During the 18th century, it became fashionable for the wealthy upper classes to send their sons on a Grand Tour of Italy with the aim to finish off their education and to build a collection. It was a sort of 'cultural finishing school' which also provided the opportunity to buy things that were not available at home and this increased the Grand Tourist's prestige and standing at home.
In the library at Holkham Hall, the Roman mosaic of a lion attacking a leopard which is part of the pedimented overmantle, was brought back by Thomas William Coke from his Grand Tour in 1774.
They acquired Roman statues, sculptures, books, items of culture and numerous artworks. Upon their return, space had to be found or created for the objects they accumulated on their Tour.
Georgian country houses were houses of a ruling class. They were symbols of wealth and power and were built by the the upper classes to show off their wealth; the interiors were designed to impress guests and space had to be found for the souvenirs collected on the Grand Tour. The period produced an increasing number of professional architects, designers and craftsmen which made it very easy for those who could afford it to implement the latest interior fashions.
Regency (1790 - 1830)
Interiors during the Regency period were plainer than in the late Georgian period. The architectural details were simpler, the plaster work was less ornamental and colour was a major consideration. The Regency House had more rooms that were used for a specific purpose and furniture, like the dining table, was now kept in its permanent place instead of being pushed back against the wall after a meal.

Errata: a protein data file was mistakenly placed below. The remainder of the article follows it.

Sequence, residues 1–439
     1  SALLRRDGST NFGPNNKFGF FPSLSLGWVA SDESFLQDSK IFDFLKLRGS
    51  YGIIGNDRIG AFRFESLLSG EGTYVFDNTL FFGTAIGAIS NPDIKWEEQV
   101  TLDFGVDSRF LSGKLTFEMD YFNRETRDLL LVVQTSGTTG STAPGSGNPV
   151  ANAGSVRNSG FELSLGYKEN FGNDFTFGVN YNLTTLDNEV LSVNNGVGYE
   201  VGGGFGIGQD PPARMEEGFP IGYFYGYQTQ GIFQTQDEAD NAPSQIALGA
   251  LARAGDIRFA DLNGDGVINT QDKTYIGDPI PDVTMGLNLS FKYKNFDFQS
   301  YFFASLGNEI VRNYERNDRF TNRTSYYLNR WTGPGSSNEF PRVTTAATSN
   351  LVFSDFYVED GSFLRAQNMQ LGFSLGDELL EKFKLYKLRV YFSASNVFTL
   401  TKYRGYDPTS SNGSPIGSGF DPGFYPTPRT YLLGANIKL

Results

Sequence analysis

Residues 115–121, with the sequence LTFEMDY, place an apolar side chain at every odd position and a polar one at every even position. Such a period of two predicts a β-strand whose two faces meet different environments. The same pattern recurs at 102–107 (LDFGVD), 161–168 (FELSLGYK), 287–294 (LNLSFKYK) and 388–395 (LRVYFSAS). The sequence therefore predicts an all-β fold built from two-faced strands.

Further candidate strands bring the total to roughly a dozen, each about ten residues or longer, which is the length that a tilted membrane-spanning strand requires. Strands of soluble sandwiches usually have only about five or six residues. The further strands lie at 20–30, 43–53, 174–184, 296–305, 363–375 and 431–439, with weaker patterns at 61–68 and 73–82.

Mixing different styles was acceptable and eclectic arrangements of furniture and furnishings in the same room became fashionable.
Light was a very important feature of the interiors during this period. Large windows and skylights above stairwells were used to let in as much light as possible. Mirrors were also cleverly placed opposite windows to reflect the light as well as the foliage outside the windows.
Striped wallpaper was introduced during the Regency and from the 1830's lighter colours such as lilac, pale blue and pastel colours became popular.
Tips on decorating a Georgian House
Their bone structure make Georgian houses easy to restore and decorate. Some architectural features like original plaster work, fireplaces and tiling are always worth restoring as they make a huge difference to an interior design scheme in a period property. Look for a supplier who specialises in reclaimed, original period features, or, if you're unsure, consult a professional.
The original details should always be treated just the same as you would treat your furniture or artwork. Plan the design of the space around them and don't let them become an afterthought.
It's always vital to remember to work WITH the building while respecting the architectural history, and make sure you understand the building before rushing into making any changes.
When it comes to choosing furniture and decor, don't be afraid of mixing different styles in a room, you wouldn't want to turn your house into a museum by having everything from the same period.
Also read my guest post "Interior Design for Period Properties".
Georgian Houses to Visit
Osterley Park and House in West London
Newby Hall in Yorkshire
Ickworth House in Suffolk
Saltram in Devon
Peckover House in Wisbech
Kedleston Hall in Derbyshire
Paxton House in Berwick-upon-Tweed
Claydon in Buckinghamshire
West Wycombe Park in West Wycombe
Harewood House in Leeds
Apsley House in London
The Georgian House in Edinburgh
No. 1 Royal Crescent in Bath
Kenwood House in Hampstead